I've been working with Prof. Dhar at Stern on applying data mining and machine intelligence technology to healthcare data.  I hope to post more on that soon.  While waiting on the logistics of obtaining the actual health plan data for the project, I used free government data from the Medical Expenditure Panel Survey (MEPS) to familiarize myself with the data mining software tools I'd be using later.  I've had experience working with the cumbersome MEPS data before and it is easily downloaded from their website so this was a natural choice.

I ended up with a pretty interesting dataset containing diabetics and demographically matched non-diabetics in 2008 for comparison.  And I found free access to Zoho Reports to render the data in an interactive form.  Not wanting all that work to go to waste I made the interactive reporting available here on my blog.  There is also a link to it in the new "Pages" section at the top of the righthand column. 

Please enjoy the data!

Wednesday, January 5, 2011

US Auto Market: USA vs Japan since WWII

Ford’s industrial and managerial innovations established the modern automobile industry in the US during the first part of the 20th century.  Coming out of World War II, Japan was just entering the automobile industry anew and was emerging from post-war reconstruction.  Japan's auto industry benefited from the highly protectionist policies the government used to support the domestic industry while it adopted and improved upon existing industry best practices for decades.  By the 1970s and 1980s the US consumer had responded, and by 1990 it had handed nearly one quarter of the US auto market to Japanese manufacturers. By 2009 it had about 40% of the US market.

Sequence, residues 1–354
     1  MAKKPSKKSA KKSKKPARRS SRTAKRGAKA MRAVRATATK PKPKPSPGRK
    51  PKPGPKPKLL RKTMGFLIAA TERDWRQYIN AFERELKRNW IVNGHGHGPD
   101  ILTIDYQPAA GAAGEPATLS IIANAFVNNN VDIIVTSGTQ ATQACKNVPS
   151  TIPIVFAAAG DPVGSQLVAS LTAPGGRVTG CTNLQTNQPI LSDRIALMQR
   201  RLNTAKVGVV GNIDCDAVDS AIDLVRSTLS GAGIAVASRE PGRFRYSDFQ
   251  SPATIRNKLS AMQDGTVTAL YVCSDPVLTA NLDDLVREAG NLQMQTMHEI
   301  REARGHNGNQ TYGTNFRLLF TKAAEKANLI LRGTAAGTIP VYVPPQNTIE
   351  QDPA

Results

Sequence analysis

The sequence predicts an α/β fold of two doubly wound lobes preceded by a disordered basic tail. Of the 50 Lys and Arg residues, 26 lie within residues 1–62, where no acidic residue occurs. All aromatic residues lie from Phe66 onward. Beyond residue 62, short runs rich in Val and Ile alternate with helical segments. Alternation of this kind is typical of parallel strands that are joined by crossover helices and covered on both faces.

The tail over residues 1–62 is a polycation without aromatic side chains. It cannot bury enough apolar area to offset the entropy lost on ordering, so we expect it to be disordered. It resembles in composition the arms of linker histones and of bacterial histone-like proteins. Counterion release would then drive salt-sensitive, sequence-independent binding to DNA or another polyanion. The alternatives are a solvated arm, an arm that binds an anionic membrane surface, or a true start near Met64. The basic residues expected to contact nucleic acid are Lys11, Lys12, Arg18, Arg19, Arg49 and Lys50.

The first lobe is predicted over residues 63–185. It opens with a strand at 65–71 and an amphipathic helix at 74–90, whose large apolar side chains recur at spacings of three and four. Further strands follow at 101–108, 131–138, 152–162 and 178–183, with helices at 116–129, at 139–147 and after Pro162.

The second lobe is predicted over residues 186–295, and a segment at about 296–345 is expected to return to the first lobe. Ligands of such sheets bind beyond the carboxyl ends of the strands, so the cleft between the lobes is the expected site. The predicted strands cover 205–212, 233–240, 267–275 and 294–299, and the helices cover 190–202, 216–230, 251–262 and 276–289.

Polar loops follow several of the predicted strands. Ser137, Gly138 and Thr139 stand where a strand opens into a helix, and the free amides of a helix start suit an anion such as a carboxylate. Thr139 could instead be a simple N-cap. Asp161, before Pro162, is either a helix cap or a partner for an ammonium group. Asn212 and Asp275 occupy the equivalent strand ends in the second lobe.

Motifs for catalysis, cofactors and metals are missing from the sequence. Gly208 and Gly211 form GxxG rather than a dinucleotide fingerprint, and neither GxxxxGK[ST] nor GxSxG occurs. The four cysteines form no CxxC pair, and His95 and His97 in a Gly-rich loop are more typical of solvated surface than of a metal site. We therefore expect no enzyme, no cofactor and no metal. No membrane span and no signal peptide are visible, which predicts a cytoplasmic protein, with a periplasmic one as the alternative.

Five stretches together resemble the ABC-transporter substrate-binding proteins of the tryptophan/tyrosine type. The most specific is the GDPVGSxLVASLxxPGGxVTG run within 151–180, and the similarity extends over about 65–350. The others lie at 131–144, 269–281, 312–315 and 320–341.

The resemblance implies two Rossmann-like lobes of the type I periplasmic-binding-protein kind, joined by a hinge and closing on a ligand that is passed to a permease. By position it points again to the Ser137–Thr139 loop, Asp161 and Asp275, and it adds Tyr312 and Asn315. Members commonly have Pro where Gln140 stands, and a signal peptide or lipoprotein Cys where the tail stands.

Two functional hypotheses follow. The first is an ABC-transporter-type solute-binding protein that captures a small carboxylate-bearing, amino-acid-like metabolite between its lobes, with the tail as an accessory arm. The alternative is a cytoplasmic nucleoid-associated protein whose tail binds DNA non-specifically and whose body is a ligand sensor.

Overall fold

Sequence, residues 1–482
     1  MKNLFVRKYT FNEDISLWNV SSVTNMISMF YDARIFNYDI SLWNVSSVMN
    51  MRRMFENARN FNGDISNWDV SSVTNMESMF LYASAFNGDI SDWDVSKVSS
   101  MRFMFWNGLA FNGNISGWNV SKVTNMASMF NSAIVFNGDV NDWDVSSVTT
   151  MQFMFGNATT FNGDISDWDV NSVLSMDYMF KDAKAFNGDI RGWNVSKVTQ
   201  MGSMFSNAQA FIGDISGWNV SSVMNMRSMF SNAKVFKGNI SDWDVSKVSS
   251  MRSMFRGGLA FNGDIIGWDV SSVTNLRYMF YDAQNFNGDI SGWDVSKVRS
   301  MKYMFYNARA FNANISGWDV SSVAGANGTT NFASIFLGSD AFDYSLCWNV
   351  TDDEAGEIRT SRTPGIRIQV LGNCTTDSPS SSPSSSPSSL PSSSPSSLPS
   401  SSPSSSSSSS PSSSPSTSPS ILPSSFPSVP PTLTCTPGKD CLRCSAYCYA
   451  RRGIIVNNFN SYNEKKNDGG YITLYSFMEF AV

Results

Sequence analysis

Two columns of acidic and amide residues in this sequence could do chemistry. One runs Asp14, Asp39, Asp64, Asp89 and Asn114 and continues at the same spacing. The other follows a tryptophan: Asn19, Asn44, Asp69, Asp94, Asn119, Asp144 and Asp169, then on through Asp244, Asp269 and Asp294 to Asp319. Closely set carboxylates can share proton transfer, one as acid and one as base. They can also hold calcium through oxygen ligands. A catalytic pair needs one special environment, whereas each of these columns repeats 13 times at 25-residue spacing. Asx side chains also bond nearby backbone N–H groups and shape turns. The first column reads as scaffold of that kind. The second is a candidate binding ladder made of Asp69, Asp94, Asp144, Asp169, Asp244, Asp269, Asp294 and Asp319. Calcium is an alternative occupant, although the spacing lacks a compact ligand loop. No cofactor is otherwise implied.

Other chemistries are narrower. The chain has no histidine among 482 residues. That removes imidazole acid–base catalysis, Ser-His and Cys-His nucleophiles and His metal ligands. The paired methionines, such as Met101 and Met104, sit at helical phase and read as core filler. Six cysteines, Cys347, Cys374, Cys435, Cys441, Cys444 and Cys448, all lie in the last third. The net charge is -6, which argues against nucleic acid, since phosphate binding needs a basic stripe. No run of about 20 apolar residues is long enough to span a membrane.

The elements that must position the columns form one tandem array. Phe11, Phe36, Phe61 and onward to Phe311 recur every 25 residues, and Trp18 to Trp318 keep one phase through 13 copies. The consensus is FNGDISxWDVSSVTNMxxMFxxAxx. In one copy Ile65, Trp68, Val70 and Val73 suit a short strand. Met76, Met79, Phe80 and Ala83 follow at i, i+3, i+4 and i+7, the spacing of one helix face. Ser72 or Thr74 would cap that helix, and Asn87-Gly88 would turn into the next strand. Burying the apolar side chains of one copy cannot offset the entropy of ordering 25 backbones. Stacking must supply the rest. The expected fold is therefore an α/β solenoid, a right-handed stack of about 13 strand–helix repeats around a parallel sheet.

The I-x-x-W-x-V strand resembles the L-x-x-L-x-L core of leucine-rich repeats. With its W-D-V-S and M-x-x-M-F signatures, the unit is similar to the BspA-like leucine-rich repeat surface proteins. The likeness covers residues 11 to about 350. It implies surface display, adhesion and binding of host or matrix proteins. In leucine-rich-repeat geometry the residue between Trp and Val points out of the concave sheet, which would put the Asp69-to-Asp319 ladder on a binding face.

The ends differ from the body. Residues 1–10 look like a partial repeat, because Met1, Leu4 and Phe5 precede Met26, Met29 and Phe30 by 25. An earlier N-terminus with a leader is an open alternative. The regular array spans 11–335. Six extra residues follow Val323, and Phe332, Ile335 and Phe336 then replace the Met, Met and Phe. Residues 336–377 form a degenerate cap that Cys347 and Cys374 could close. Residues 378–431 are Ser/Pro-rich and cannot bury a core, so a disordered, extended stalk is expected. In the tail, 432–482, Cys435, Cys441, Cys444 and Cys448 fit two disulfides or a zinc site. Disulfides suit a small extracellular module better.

One reason for this might be the rapid expansion of productivity in the Japanese auto industry.  Economists use the concept of total factor productivity to ascertain the portion of gains in output attributable to productivity as opposed to those related to the inputs of capital and labor.   Using data from a paper by Dale W. Jorgenson of Harvard and Koji Nomura of Keio University, I plotted "eras" of the Japanese and US auto industries' contribution to each country's average growth in total factor productivity since WWII.  On the same chart I plotted US automobile market share data from Wards Auto over the same period.    

Thursday, December 16, 2010

Demand Curve for Healthcare in Massachusets

Here's another post pulling from my assignments at Stern...

A subsidy can be thought of as a negative tax in that it is a payment from the government, either to the consumer or to the supplier of a good, that reduces the price the consumer actually pays below the price the supplier is actually selling.  The Patient Protection and Affordable Care Act of 2010 (PPACA) provides for subsidies to small businesses to encourage them to offer health insurance coverage to their employees, and direct subsidies to individuals who are neither in a government insurance program nor offered insurance by their employer.  You can read more about this on Wikipedia here.  Taken together, these subsidies are likely to have the classic economic effect on the price and quantity of healthcare delivered in the US (see Wikipedia  here for a more in depth discussion on the effects of subsidies).